From t h e pump, t h e

The flow i s down through t h e

tubes i n t h e v e r t i c a l h e a t exchanger, le a ving a t 1050째F. then e n t e r s t h e bottom of t h e r e a c t o r pr e ssur e v e s s e l .

The primary salt,

For t h e la yout

s t u d i e s , 10-inch p ip e i s shown between t h e components except a t t h e pump s u c t i o n where 12-inch p ip e i s used t o reduce t h e v e l o c i t y e n t e r i n g t h e PUP The t o t a l primary s a l t flow through t h e core a t 150 Mw(therma1) and with a AT of 250째F i s

6.37 x lo6

lb/hr

i n t h e proposed 10-inch p ip e i s about

(3850 gpm a t 16 f t / s e c .

1300째F).

The v e l o c i t y

The primary system c i r c u l a t i n g volume e xc lusive of t h e expansion volume i n t h e pump tank i s about 266 f t 3 .

W


ef

IIII

MOLTEN SALT BREEDER EXPERIMENT SIMPLIFIED FLOW DIAGRAM 150 MWw

Figure 3 .

MSBE Flow Diagram


18 The primary p ip in g i s of welded c onstr uc tion.

Thermal expansion of

t h e piping i s accommodated by allowing t h e pump and h e a t exchanger t o move Provisions w i l l be made i n t h e pump i n l e t

by s l i d i n g on t h e i r su p p o rts.

piping f o r i n s e r t i o n and removal of H a ste lloy N specimens i n t h e primary salt.

4.4.1.1

Primary Pump.

The primary system u t i l i z e s a single - sta ge ,

sump-type c e n t r i f u g a l pump with an overhung impe lle r .

The pump volute i s

enclosed i n a tank which provides f o r t h e system volumetric expansion. This expansion tank i s a b l e t o accommodate about lo$ of t h e primary system s a l t volume o r about 30 f t 3 .

About

8 8 of

t h e primary s a l t flow goes

through t h e r e a c t o r v e s s e l , 10% through t h e gas s e p a r a t i o n bypass, and t h e remainder t o miscellaneous components such as t h e j e t pump i n t h e d r a i n tank.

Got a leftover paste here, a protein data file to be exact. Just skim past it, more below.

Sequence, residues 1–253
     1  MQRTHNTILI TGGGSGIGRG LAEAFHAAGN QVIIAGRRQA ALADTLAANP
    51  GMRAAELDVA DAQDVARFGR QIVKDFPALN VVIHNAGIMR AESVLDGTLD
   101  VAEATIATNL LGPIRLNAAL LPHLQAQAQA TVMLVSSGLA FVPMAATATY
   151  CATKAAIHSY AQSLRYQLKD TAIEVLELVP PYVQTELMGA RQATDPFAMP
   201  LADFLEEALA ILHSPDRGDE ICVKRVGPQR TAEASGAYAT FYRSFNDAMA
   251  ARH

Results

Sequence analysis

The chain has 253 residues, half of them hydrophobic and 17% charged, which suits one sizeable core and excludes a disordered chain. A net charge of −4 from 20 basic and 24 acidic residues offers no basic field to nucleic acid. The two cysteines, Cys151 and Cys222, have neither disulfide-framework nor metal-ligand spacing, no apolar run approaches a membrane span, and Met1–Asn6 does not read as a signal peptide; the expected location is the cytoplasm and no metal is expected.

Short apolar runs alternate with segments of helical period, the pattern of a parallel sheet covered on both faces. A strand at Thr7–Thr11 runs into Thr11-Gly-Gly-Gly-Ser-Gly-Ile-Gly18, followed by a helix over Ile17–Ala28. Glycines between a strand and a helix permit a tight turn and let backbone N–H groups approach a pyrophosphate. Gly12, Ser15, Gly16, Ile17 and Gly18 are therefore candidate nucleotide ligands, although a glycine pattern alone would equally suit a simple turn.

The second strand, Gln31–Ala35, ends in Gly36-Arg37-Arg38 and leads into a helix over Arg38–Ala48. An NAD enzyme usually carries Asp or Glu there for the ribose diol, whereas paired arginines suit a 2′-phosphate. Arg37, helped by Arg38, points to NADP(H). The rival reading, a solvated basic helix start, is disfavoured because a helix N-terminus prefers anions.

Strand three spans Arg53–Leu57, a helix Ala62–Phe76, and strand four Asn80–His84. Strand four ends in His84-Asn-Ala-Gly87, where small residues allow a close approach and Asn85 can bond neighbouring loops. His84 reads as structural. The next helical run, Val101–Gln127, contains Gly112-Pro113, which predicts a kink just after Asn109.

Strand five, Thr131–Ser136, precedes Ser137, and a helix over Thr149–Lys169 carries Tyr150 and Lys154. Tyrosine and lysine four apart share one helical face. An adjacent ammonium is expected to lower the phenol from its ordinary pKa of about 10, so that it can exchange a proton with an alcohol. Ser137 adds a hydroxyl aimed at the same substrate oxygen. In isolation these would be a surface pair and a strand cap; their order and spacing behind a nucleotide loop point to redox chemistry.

The t o t a l flow requirements a t a AT of 250째F i s

4300 gpm.

However,

it i s proposed t h a t a l a r g e r pump be used i n t h e MSBE t o permit ope r a tion with a AT of 200째F a t f u l l power, i f problems a r i s e a t t h e highe r AT.

There-

f o r e a pump with a minimum flow of 5400 gpm i s proposed; t h e head r e quir ed i s 125 f t .

The pump would have a v a r i a b l e speed motor t o permit ope r a tio n

a t 4300 gpm. A s i n g l e c i r c u l a t i n g loop i s used t o reduce t h e development o r extrapo-

l a t i o n t h a t w i l l be required i n progressing from MSBE s i z e equipment t o equipment f o r l a r g e r r e a c t o r s . 4.4.1.2

Primary Heat Exchanger.

The primary h e a t exchanger shown i n

F i g . 4 has t h e same ty p e, s i z e ( 3 / 8 i n . OD) and le ngth (about 2 1 f t ) of tubes as th o se proposed f o r t h e MSBR.

The MSBE exchanger, however, w i l l

have only about one-fourth as many tubes as w i l l be i n each of t h e f o u r h e a t exchangers i n t h e MSBR. as those f o r t h e MSBR.

The following c onditions a r e about t h e same

The v e l o c i t y o f t h e primary s a l t i n t h e tubqs i s